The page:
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I am a U.S. citizen resident in Canada. Does anyone know how to report the various items on a Canadian T4 (a rough equivalent of a W-2) on a U.S. tax return?

I am not sure about the following items:

  • Employee's CPP (Canada Pension Plan) contributions
  • Employee's EI (Employment Insurance) premiums

Do these amounts get subtracted from my Canadian salary as properly reported on a U.S. tax return?

Canada gives me a 15% tax credit for these amounts on lines 7 and 9 of Schedule 1.

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Here is a partial answer. (By "partial" I mean that the answer relies on IRS publications, so it might be overruled by something buried in the US-Canada tax treaty. Does anyone have a good handle on the treaty?)

It appears that the Employment Insurance is eligible for a foreign tax credit, but that the CPP is eligible for neither a credit nor a deduction. From IRS publication 514, Foreign tax credit for individuals,

"What Foreign Taxes Qualify for the Credit?

  1. The tax must be imposed on you.
  2. You must have paid or accrued the tax.
  3. The tax must be the legal and actual foreign tax liability.
  4. The tax must be an income tax (or a tax in lieu of an income tax)"

...............................................................................

"Income Tax

Simply because the levy is called an income tax by the foreign taxing authority does not make it an income tax for this purpose. A foreign levy is an income tax only if it meets both of the following requirements.

  1. It is a tax; that is, you have to pay it and you get no specific economic benefit (discussed below) from paying it.
  2. The predominant character of the tax is that of an income tax in the U.S. sense."

..............................................................................

"Pension, unemployment, and disability fund payments.

A foreign tax imposed on an individual to pay for retirement, old­ age, death, survivor, unemployment, illness, or disability benefits, or for substantially similar purposes, is not payment for a specific economic benefit if the amount of the tax does not depend on the age, life expectancy, or similar characteristics of that individual. No deduction or credit is allowed, however, for social security taxes paid or accrued to a foreign country with which the United States has a social security agreement. For more information about these agreements, see Publication 54."

Publication 54 lists the USA has having a social security agreement with Canada, so the CPP apparently gives no deduction or credit.  Furthermore, the CRA website states that EI premiums are calculated on a flat percentage of salary basis, up to certain maximums, so it is apparently available for a tax credit.  (Again, I use "apparently" because I have not yet investigated the tax treaty.)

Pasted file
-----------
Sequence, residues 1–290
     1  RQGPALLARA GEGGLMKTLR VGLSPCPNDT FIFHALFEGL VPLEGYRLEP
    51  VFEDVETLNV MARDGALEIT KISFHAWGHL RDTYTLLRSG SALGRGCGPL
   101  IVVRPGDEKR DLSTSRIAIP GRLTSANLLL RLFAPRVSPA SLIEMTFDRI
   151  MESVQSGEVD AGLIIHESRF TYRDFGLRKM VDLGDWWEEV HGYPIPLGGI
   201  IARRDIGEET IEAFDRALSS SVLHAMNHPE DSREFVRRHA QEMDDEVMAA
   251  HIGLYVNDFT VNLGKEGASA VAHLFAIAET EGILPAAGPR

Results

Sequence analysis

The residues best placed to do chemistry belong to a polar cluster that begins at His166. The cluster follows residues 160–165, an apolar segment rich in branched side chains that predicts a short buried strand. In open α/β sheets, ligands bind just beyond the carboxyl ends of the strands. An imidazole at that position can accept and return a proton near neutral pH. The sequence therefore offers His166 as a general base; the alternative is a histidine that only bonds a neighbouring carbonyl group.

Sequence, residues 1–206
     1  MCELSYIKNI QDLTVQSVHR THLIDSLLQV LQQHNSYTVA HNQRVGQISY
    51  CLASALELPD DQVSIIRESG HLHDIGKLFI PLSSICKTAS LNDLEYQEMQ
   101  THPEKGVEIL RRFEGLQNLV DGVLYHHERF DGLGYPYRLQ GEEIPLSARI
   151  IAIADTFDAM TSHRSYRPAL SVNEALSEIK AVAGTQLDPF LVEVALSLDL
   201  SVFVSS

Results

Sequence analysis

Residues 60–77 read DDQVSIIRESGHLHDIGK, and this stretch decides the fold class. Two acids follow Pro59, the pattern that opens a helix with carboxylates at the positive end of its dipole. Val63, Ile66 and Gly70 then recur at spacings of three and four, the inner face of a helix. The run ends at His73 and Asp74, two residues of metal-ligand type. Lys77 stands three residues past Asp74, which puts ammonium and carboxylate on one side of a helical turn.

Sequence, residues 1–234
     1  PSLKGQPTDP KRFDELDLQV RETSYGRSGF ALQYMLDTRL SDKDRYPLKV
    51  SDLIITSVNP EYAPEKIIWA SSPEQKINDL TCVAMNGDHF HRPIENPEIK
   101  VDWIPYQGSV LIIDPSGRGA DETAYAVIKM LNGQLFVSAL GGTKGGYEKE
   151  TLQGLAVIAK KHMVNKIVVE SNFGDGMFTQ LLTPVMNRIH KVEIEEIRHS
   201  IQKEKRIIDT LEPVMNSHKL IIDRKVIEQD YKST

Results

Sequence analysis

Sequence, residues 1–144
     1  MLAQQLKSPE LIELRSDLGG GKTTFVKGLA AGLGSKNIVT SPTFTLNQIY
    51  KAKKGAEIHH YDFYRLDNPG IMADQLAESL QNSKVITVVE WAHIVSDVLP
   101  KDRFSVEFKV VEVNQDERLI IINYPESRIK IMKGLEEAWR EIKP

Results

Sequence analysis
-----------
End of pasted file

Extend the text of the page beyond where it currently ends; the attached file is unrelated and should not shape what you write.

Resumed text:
Update: I see no indication in the treaty that I can take a credit or deductions for the CPP contributions.

  • No, EI is not deductible as well. It is unemployment insurance, not an income tax. – littleadv Apr 18 '15 at 5:38
  • According to the quote from publication 514, above, it is considered a "tax" because "you have to pay it and you get no specific benefit". Furthermore, publication 514 as quoted above SPECIFICALLY DEALS WITH THE CASE OF TAXES IMPOSED FOR UNEMPLOYMENT BENEFITS. – J Tyson Apr 18 '15 at 5:44
  • But you get benefit. You get to get unemployment payments which this tax is explicitly earmarked for. – littleadv Apr 18 '15 at 5:45
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    littleadv- Please read the last bit I quoted from publication 514. The unemployment benefit is specifically covered. – J Tyson Apr 18 '15 at 5:48
  • OK then, go for it. – littleadv Apr 18 '15 at 6:05
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CPP is the equivalent of social security. Like US social security taxes, it is not an income tax and thus cannot be excluded from US income. It is covered by the US-Canada social security totalization agreement, which ensures that you don't get both US social security and Canadian CPP contributions withheld or payable. See https://www.ssa.gov/international/Agreement_Pamphlets/canada.html

I believe that employment insurance is similar; just like US employment insurance premiums, they are considered premiums, not income tax. Box 18 of my Canadian T4 describes them as "Employee's EI premiums".

Note that RPP contributions (box 20 of my T4) are the rough equivalent of US 401(k) or 403(b) contributions. Unlike a US W-2, the T4 includes them in total employment income (box 14 of my T4). My understanding, though I can't find a clear reference, is that they can be excluded from line 7 of the US 1040 just like a 401k contribution.

Someone said that there is no need to report this since foreign earned income can be excluded. That is incorrect. Foreign earned income must still be reported on line 7 of the US 1040. It then gets calculated on form 2555 (regular or EZ), put as a negative number on line 21 of Form 1040, and thus subtracted from income sources in calculating the total income on line 22 of Form 1040. It does figure into tax calculation later on Form 1040, and there are various limitations.

  • As a US employee doing work for a customer based in Canada, If you earn less than 10,000 CAD in a tax year, it's exempt from taxation by the Canadian gov't (meaning you get the withholding back 100%), but the income must be declared on the US tax form in USD (not CAD). Over this amount and you owe the taxes to the Canadian Gov't, not the US gov't. (I'm 99% certain) – GOATNine Mar 28 '18 at 19:24
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There is no need to report any of this since your Foreign Earned Income should be excludable by Form 2555.

  • My taxes are less if I use 1116. – J Tyson May 4 '15 at 0:56

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